Lot 317. A white jade 'ram' group, Qing dynasty, 18th century; Length 5 1/4 in., 13.4 cm. Estimate 100,000 — 150,000 USD. Lot sold 514,000 USD. Photo Sotheby's.
carved as a large ram recumbent with its young, one nestled to the front and another crouching behind, its bearded jaw issuing streams of swirling clouds supporting a taiji symbol, the eyes inlaid with red and green colored stones, the jade of an even white color.
Note: Whilst the subject of 'three rams' is a motif commonly found in jade carvings (see the note to lot 298), this carving appears to have been inspired from Mughal jades. Shu-Tung Teng from the National Palace Museum, writes in Exquisite Beauty - Islamic Jades, Taipei, 2007, p. 277 that Mughal jades were introduced to the Qing empire during the Qianlong Emperor's reign in 1756, when jade tributes were sent to the Qing court from Uighur chieftains in the Muslim regions. Qianlong is known to have admired these jades and Chinese craftsman were soon commissioned to fashion wares in a similar style, often merging Chinese and Mughal form and designs. The Mughal style of embellishment is seen on the present ram group whose eyes are inlaid with colored beads, which are most likely later replacements for original ruby beads, something that is rarely seen on Chinese jade carvings of animals.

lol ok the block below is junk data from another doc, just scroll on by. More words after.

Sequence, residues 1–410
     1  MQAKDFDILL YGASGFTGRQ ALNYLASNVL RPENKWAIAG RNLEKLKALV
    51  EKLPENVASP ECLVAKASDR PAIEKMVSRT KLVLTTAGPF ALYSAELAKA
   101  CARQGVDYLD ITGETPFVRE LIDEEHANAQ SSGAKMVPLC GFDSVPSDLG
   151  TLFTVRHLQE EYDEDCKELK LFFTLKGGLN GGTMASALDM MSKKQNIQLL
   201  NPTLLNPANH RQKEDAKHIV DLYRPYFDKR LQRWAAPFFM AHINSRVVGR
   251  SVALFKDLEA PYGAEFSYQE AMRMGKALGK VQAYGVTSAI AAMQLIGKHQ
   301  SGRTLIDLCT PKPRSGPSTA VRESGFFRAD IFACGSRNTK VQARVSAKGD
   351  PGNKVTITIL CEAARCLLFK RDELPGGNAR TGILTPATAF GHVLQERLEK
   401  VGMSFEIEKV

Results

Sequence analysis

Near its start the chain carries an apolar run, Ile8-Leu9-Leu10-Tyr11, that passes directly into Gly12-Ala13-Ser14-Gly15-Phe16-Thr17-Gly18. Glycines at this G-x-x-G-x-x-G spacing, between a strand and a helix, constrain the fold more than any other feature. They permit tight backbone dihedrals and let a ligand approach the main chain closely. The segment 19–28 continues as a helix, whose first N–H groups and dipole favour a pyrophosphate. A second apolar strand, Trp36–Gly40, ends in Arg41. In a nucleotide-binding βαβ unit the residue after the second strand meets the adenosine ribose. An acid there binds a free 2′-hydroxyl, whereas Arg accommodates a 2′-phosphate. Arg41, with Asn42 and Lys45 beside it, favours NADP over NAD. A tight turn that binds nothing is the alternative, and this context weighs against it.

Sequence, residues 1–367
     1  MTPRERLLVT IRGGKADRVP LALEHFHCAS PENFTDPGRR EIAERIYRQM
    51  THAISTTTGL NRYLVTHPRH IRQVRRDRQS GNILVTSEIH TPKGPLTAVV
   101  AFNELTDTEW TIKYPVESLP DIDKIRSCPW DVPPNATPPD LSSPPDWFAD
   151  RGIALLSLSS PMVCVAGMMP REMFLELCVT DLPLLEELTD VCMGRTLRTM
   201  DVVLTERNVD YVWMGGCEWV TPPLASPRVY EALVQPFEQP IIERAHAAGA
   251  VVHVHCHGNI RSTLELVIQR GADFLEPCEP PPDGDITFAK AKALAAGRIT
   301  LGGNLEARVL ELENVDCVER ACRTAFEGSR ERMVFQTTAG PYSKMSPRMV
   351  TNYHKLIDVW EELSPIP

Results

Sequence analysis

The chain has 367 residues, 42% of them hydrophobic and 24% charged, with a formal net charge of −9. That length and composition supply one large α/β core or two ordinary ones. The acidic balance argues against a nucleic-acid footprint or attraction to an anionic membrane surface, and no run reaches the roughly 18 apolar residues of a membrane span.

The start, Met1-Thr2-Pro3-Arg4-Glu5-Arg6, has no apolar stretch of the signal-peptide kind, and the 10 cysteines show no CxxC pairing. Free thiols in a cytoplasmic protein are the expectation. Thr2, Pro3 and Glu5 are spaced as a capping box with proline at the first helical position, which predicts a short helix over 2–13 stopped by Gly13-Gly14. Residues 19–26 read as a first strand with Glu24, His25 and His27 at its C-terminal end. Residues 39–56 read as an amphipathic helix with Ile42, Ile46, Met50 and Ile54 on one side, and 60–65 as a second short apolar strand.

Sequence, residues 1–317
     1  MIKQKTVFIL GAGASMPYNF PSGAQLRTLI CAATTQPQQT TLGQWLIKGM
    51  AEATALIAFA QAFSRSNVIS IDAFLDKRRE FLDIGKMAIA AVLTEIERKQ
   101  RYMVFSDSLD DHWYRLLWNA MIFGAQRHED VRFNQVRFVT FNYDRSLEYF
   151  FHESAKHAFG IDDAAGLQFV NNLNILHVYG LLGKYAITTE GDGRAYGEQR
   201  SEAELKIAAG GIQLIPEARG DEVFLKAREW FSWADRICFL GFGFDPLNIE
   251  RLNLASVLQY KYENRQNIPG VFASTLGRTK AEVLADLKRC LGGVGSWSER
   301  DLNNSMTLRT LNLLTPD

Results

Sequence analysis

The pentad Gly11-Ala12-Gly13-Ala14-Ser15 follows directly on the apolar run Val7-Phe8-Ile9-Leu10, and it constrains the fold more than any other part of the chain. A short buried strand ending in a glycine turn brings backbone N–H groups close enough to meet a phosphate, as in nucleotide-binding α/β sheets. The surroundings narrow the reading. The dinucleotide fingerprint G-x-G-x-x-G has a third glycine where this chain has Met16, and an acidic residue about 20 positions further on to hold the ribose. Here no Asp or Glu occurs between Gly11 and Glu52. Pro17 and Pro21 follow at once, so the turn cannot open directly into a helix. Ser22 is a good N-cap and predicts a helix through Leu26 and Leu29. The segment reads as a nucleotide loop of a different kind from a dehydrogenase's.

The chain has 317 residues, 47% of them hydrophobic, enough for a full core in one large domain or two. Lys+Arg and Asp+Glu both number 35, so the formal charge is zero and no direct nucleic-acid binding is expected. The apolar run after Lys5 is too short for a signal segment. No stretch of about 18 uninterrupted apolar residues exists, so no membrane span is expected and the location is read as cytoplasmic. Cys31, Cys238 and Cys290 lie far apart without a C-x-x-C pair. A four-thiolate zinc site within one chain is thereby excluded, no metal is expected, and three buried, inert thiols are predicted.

Sotheby's. Important Chinese Works of Art, New York, 17 march 2015, 02:00 PM